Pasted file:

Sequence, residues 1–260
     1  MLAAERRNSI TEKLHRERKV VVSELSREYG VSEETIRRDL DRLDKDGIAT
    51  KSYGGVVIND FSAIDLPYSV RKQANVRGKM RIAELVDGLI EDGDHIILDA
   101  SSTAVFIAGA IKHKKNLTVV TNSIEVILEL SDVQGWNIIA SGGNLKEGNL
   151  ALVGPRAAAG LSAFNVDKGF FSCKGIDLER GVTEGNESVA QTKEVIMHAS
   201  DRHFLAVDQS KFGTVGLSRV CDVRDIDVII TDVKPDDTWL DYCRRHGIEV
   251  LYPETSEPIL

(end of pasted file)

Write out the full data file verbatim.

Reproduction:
Sequence, residues 1–260
     1  MLAAERRNSI TEKLHRERKV VVSELSREYG VSEETIRRDL DRLDKDGIAT
    51  KSYGGVVIND FSAIDLPYSV RKQANVRGKM RIAELVDGLI EDGDHIILDA
   101  SSTAVFIAGA IKHKKNLTVV TNSIEVILEL SDVQGWNIIA SGGNLKEGNL
   151  ALVGPRAAAG LSAFNVDKGF FSCKGIDLER GVTEGNESVA QTKEVIMHAS
   201  DRHFLAVDQS KFGTVGLSRV CDVRDIDVII TDVKPDDTWL DYCRRHGIEV
   251  LYPETSEPIL